We must continue to give consideration to how the principle of the equality of men and women can be applied in respect of the family, so that mothers can reconcile the high status of child-rearing on the one hand, with the need to participate fully and capably in the affairs of the world on the other. Precedence must be given to developing the resources, services, materials, and training, which will support these principles.

 

For Maori, the unique and priceless role of women is so aptly expressed in the description of her child-bearing role - te whare tangata, the house of the people. The womb nurtures the first level of human existence. The placenta of the mother links the newly created soul to those presently on the earth, and further back to the ancestors, and to the land which nurtured them.

 

The woman carries within her the first world of existence. She is the link between past and future souls, between the first plane of physical existence and the next world. The first few years of life are of crucial importance. The importance of timely provision of needs can be seen with kittens: if a kitten does not use its sight in the first 2 or 3 days of life it will remain blind. The infant in the human world also has needs that are critical to each new phase of life.

 

In a world where men and their activities have always taken priority, we face a unique challenge; to upend the mental pyramid that places man at the top, and replace it with children. The author of a book entitled "All I Really Needed to Know I Learned in Kindergarten" claims that everything one needs to know about how to live and what to do and how to be, he learned, not at the top of the graduate school mountain, but in his earliest years; in the sandpile, at Sunday School, in kindergarten. These are some of the things he learned:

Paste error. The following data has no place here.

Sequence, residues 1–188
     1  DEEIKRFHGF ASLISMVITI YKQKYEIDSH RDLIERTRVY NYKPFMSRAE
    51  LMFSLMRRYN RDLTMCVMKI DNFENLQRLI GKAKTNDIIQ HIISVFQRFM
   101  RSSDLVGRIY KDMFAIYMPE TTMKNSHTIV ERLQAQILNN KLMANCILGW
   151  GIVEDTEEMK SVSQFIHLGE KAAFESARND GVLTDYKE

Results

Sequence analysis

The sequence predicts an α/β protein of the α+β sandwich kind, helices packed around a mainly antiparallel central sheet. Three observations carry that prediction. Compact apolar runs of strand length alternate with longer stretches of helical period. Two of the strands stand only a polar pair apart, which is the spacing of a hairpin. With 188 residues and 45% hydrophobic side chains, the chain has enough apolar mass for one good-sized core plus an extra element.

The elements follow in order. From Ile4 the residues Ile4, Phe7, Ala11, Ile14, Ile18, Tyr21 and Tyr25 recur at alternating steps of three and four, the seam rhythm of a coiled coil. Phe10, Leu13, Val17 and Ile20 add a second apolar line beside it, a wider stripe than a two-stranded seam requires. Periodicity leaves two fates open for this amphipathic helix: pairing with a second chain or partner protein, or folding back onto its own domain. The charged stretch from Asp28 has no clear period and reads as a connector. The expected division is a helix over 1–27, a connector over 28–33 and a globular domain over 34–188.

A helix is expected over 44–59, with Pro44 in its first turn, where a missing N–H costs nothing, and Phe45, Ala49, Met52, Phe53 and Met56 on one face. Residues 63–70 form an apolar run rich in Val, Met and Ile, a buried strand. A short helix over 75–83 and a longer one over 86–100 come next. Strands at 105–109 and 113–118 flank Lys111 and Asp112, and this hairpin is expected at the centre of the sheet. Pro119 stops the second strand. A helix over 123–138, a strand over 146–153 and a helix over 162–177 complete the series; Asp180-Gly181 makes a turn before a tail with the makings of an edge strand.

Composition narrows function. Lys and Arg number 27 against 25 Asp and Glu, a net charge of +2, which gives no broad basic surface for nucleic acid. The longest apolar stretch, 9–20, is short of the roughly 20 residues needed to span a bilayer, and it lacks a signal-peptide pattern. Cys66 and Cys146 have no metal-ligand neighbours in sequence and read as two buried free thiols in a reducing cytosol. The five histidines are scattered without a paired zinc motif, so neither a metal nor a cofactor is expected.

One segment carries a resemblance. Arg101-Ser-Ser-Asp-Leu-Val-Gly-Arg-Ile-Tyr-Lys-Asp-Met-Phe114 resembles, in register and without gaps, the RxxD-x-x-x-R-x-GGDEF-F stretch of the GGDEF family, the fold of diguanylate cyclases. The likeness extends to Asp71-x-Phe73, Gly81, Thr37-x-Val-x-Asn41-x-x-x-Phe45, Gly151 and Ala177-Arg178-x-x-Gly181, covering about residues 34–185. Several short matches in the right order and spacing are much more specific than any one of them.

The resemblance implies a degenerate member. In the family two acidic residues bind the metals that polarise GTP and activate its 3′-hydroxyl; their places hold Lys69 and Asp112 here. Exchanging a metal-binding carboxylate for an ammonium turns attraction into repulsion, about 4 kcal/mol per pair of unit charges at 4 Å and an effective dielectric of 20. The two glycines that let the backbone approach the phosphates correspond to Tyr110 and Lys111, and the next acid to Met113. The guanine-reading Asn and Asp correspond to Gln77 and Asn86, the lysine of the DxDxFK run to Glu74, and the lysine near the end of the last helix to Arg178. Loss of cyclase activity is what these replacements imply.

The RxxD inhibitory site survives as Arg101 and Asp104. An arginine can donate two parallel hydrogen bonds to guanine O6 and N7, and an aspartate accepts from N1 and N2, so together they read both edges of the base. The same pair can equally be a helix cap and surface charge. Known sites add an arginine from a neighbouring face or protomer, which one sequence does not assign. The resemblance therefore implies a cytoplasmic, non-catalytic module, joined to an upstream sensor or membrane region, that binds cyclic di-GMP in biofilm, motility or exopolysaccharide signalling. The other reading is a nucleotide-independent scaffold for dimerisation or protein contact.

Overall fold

"Share everything.

Play fair.

Don't hit people.

Put things back where you found them.

Clean up your own mess.

Don't take things that aren't yours.

Say you're sorry when you hurt somebody.

Wash your hands before you eat.

When you go out into the world, watch out for traffic and stick together.

And then remember the Dick-and-Jane books and the first word you learned - the biggest of all - LOOK.

 

Everything you need to know is in there somewhere. The Golden Rule and love and basic sanitation. Take any of those terms and extrapolate it into sophisticated adult terms and apply it to your family life or your work or your government or your world and it holds true and clear and firm. Think what a better world it would be if...all governments had a basic policy to always put things away where they found them and to clean up their own mess. And it is still true, it is best to hold hands and stick together."

 

`Abdu'l-Baha said;

 

`A child is as a young plant: it will grow in whatever way you train it. If you rear it to be truthful, and kind, and righteous, it will grow straight, it will be fresh and tender, and will flourish. But if not, then from faulty training it will grow bent, and stand awry,and there will be no hope of changing it...Every child is potentially the light of the world-and at the same time its darkness; wherefore must the question of education be accounted as of primary importance."


25. NATIONS ARE AN AGGREGATE OF FAMILIES

A little kid laying on the school playing field.